OK, now I get it.
Now I’m an Amanda Palmer fan too.
Of course as a long-time Neil Gaiman reader I’ve known about her for a while, and watched what she’s up to with interest, and pondered the questions a raised by her million-dollar Kickstarter campaign, and loved the song she wrote (and performed naked) about the Daily Mail recently, and pondered even more deeply the questions raised by her “open letter” to Sinead O’Conner (about Miley Cyrus), amongst others… but I wasn’t a fan, not properly.
But I am now.
So what brought about this sudden conversion ?
Seeing her play live in front of only 100 people at a benefit event in Cambridge for the awesome Squeaky Gate music charity last night.
Because she was amazing.
More particularly, because most of the 100 people in the room were (like me) not already fans, as far as I could tell.
There were some real fans at the front, singing along to all the songs (especially in the crucial NSFW participation sections of “Map Of Tasmania”), toting ukeleles and dressed in fishnets, glitter and angel wings – but they weren’t the majority, by any means.
But did that stop, or confound her ? Hardly. Did the fact that the 100 people present barely filled half the room ? Not that I could tell. In fact she came straight out and played the first song – accompanied only by a battered old uke – without a microphone.
Instantly I was reminded of the house concert with Imogen Heap I was lucky enough to go to after ending up in her video, and the magic of hearing music happening right in front of you, close enough to touch, that direct connection from performer to listener…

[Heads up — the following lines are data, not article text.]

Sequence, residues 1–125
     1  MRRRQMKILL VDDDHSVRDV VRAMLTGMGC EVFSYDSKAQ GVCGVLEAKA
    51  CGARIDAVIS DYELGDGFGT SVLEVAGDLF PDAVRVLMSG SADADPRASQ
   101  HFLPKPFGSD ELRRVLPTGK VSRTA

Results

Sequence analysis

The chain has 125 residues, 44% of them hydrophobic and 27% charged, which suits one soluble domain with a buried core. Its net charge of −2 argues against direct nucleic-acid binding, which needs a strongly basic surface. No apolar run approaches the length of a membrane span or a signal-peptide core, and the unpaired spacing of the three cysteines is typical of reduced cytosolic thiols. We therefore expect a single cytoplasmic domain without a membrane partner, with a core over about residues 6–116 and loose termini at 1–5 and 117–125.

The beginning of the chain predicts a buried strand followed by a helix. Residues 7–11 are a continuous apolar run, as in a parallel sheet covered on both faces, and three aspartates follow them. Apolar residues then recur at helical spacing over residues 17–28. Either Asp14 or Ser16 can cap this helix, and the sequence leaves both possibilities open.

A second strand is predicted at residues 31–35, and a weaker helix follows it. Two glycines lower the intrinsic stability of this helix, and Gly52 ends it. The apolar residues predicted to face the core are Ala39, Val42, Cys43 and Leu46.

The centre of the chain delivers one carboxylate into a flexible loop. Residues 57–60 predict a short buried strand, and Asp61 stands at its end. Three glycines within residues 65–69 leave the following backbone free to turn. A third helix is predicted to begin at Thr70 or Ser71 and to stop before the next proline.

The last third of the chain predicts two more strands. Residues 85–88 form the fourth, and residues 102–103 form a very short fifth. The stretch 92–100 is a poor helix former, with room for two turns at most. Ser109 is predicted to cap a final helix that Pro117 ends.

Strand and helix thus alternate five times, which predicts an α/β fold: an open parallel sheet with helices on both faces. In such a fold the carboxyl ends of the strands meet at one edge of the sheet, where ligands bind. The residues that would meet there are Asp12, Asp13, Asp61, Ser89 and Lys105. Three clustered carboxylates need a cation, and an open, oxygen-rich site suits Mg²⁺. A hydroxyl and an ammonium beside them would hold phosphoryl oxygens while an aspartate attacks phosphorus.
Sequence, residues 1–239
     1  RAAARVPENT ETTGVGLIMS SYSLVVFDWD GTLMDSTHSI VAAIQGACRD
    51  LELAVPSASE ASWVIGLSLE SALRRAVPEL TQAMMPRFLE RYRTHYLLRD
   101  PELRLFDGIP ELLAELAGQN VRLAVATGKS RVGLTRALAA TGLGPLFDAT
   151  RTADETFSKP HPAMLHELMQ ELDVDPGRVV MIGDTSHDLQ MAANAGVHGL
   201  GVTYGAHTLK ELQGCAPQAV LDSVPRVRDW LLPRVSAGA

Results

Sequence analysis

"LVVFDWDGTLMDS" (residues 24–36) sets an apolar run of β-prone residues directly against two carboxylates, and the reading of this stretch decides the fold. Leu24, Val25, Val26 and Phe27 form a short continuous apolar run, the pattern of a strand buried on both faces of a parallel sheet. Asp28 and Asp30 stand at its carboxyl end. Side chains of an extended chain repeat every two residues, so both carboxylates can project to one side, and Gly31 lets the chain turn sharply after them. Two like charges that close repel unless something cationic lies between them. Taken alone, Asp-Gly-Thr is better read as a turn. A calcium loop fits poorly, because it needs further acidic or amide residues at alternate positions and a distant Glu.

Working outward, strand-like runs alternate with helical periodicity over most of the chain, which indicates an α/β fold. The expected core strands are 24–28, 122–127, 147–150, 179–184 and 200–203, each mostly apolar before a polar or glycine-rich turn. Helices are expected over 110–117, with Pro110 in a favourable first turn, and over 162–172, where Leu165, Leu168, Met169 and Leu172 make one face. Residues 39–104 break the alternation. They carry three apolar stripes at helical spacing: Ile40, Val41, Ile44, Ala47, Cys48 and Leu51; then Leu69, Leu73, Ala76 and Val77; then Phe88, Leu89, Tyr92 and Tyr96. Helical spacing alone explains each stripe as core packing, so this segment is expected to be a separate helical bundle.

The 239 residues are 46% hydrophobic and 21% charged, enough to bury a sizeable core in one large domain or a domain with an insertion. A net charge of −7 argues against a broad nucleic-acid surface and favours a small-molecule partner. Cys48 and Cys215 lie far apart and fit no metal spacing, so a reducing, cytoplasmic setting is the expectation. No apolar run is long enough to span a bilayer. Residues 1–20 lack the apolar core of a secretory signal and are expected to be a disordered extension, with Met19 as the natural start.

(Something it can be easy to lose sight of sometimes, I think, when we spend so much time recording and mixing.)
Dean Whitbread wrote a blog post back in 2009 saying that live performance is fundamentally a transmission of energy, and last night was a reminder he’s dead right.
Because by the end of the first song, Amanda F Palmer had us captivated, and she kept it that way – and that’s not easy, not by a long shot. A couple of the performances were nothing short of blinding, and to achieve that from a standing start in a room full of mostly-not-fans, having got just straight off the train from somewhere… hats off.
But I think the thing that really won me over was the simplicity and honesty of her performance. She didn’t get naked on this occasion, but she was distinctly exposed and vulnerable nonetheless, and that’s really powerful – it reminded me of Brene Brown’s amazing TED talk. If you haven’t seen it, click here to check it out.
And the fact that she brought her husband Neil along with her was an unexpected bonus – he read a few short short stories and his amazing poem “The Day The Saucers Came”, and even sang with his wife for a couple of tunes !
Then they answered some questions asked by the audience, including “Who are you ?” from a +1 in the audience who really wasn’t yet a fan. Neil revealed that if he had to choose which planet he would have liked to have come from it would be Vulcan (when he was a kid) but Galifrey now; Amanda quoted a simple but profound piece of advice she’d been given on how to succeed as an independent female artist – “Keep working !”; and answered a serious question about the relevance of feminism in music today in an extremely eloquent and pragmatic way (which the song above more or less sums up, in a nutshell!)… and then they were gone.
And I was suddenly a fan.
Mainly because of the blistering performances – she gave everything, even in a tiny “mini-gig” like this – but also because of the honesty and vulnerability, which was also part of the performance, and… well, just because.
I Get It now, and you you get the chance to see her live I recommend you grab it, and then you’ll Get It, too.
Which is probably the real secret of her success.
The event was organised by the excellent Cambridge networking & events group CamCreative – if you’re based in or around Cambridge, check it out ! And, please consider supporting the excellent Squeaky Gate charity.